A Good Spot
At the end of the day, it’s really all about finding a spot for The Buffalo. The requirements for said spot are, surprisingly, many:
a. Spot must be legit.
As we learned in McCall, Idaho, you can’t just camp on a piece of land off the side of the road, even if there are no Private Property signs to be seen. Because, more than likely, the owner of the seemingly unclaimed 100ft x 50ft piece of dirt just off the roadside will most certainly stop by your camper to inform you of your mistake (thank you, kind sir, for letting us stay the night).
b. Spot must be accessible.
The road in can’t be too bumpy, steep, angled, or narrow. More on this in a minute.
c. Spot must be free.
We have come to learn that if you pay for camping, you will more than likely find yourself squeezed into a small, paved area filled with noisy neighbors, stinky outhouses, and people that give you dirty looks because your dog is off-leash. The plus side of paying for camping is that you can “plug in” and receive endless amounts of amps, water, and wi-fi. When you go free ranging find your own spot, it is quiet, more rugged, typically near a nice trail, and you are free to do what you will. We carry our own water, supply our own amps (generator), and – if we have cell reception – our own wi-fi. Oh, and it’s free.
d. Spot must have a view or be near trails.
Because, well, that’s kind of why we’re taking this trip! To see our country, to explore new places, to enjoy all that our public lands have to offer. We’ll take a quiet dirt patch up in the forest over the Wal Mart parking lot any day of the week.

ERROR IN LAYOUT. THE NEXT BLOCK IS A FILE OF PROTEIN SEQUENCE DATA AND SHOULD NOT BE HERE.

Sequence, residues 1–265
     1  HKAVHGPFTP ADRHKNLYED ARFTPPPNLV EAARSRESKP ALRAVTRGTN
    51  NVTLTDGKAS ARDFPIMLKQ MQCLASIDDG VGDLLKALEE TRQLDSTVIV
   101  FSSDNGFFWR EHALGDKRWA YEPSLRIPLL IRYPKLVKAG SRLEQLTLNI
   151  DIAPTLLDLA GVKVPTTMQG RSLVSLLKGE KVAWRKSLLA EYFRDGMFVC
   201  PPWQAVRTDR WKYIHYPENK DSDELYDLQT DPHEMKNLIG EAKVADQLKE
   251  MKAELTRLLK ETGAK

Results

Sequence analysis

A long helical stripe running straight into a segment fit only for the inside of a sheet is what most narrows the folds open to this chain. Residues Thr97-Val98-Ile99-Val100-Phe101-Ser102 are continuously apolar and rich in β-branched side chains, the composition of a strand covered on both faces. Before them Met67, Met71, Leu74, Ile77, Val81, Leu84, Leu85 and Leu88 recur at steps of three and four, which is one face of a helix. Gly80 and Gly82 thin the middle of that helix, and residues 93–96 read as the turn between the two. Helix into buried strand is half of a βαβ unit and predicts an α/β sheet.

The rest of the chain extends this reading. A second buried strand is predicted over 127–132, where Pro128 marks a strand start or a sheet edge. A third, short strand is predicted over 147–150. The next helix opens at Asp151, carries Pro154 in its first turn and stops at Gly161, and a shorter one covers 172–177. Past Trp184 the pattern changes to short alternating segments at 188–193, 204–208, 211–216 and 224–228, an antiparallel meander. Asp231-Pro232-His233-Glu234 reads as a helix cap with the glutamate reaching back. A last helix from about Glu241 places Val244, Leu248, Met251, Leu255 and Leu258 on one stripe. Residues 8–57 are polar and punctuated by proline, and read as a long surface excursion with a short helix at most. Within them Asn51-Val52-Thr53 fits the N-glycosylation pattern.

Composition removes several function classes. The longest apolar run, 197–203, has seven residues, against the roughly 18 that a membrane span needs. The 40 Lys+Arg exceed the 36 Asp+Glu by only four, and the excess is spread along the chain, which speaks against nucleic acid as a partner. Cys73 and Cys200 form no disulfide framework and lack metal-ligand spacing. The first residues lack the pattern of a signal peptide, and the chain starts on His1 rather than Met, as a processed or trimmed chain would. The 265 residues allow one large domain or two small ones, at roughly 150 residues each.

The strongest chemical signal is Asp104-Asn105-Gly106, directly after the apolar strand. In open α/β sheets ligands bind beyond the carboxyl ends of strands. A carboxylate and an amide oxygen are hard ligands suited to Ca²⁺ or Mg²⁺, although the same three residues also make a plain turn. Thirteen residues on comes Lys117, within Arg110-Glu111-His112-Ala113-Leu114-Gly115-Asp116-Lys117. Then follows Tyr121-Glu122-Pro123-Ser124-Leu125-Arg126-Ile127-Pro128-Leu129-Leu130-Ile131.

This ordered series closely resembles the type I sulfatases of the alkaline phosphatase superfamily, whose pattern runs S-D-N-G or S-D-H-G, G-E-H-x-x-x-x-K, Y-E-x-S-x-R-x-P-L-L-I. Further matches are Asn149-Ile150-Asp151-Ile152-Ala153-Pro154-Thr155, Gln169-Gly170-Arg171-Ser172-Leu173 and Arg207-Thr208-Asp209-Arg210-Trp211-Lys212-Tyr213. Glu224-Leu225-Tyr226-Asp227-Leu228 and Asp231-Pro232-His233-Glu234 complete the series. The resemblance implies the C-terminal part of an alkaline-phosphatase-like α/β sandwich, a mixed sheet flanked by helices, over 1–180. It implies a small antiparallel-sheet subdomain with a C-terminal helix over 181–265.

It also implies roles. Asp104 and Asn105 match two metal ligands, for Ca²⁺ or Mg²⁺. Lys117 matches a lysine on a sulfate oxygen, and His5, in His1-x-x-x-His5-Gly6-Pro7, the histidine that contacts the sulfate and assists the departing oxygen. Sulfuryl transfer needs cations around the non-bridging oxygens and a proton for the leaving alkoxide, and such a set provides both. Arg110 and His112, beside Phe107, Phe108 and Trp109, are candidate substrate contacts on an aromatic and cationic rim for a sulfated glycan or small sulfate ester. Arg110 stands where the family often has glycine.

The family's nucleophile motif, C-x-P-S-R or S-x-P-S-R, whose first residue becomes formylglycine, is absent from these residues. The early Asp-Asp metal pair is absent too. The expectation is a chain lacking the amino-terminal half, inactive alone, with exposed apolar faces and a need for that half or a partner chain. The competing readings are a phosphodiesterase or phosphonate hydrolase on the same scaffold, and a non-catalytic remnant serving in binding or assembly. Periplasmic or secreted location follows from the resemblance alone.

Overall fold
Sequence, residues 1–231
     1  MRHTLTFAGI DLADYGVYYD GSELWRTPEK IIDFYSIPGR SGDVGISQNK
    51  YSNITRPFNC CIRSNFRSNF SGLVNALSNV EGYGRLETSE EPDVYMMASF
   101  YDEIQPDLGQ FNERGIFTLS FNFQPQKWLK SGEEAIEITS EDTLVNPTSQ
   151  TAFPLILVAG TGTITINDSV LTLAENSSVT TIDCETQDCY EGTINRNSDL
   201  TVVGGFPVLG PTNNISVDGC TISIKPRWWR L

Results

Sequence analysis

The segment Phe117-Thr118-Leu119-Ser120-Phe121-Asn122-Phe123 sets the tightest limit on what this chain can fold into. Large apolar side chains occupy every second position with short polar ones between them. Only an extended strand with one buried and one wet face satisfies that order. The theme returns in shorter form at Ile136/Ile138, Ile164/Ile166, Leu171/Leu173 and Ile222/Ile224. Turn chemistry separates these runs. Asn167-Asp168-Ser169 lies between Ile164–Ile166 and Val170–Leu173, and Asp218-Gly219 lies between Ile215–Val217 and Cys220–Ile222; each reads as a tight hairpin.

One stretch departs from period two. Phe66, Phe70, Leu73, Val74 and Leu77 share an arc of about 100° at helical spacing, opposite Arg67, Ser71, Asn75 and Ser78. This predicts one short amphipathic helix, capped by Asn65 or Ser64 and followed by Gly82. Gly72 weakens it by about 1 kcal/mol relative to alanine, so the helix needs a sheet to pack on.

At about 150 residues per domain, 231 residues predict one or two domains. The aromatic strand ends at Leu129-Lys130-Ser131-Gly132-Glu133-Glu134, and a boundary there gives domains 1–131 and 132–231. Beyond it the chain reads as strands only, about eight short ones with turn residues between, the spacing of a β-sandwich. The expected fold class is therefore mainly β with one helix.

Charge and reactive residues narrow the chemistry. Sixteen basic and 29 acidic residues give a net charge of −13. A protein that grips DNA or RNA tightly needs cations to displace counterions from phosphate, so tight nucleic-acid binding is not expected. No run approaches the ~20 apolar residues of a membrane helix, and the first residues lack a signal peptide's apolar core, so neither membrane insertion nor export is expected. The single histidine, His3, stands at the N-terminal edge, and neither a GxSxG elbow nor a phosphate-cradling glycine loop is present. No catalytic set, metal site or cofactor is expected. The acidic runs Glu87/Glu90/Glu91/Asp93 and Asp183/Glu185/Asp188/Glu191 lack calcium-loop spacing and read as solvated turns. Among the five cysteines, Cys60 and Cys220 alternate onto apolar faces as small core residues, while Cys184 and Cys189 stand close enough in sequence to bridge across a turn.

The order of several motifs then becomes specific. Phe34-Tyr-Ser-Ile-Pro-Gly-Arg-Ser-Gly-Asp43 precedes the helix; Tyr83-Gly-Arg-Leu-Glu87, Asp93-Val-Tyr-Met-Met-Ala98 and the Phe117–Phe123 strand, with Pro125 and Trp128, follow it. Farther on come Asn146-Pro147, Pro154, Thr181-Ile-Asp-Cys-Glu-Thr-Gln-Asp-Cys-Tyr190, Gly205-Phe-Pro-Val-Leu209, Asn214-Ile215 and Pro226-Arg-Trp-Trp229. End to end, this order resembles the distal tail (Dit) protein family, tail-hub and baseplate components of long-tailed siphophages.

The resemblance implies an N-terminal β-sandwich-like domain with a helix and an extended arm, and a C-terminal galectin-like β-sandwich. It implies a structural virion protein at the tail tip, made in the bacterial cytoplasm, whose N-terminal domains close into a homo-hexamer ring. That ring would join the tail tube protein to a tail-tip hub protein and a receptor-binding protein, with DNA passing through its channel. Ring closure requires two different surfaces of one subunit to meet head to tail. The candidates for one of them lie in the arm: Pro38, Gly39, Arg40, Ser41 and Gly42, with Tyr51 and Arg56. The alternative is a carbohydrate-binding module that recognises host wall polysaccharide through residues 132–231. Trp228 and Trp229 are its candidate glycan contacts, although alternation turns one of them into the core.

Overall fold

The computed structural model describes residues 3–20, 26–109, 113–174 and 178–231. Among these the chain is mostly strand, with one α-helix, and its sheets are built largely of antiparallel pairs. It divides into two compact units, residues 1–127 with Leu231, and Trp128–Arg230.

e. Spot must have cell reception.
Well, not REALLY, but if I’m working, then yes, it really does need to have it. We have pulled up to more than one lovely spot that fit the bill, items A through D, but zero bars = zero internet access. Move along, move along.
After spending a very social week in Idaho catching up with Stéphane’s (now mine too!) friends from flight school, we head east and into Montana. Monday is looming just a day away and brings with it the need for me to get some work done: item E on our list (cell reception) is now priority numéro un.
We drive as close to Glacier National Park as we can get without actually entering – passing Ray’s RV Resort, Glacier View Park, Mountain Home, and even a KOA. I pull up the map and look for green (green = national forest) and shout “turn left!” to Stéphane.
Bouncing slowly along over the washboards of the gravel road, a man pulls up alongside and asks “are you lost?”
“No,” we tell him, “just looking for a place to camp”.
“Go down the road, across the river. Not sure you’ll be able to make it in there but it might be worth checking out – good luck!”
As we near the river, I pull out my phone and check – yep, three bars – if we can get ourselves into this spot, we are golden.
But I digress.
**** Update: ****
Well, we got The Buffalo out, but it wasn’t easy and it wasn’t pretty.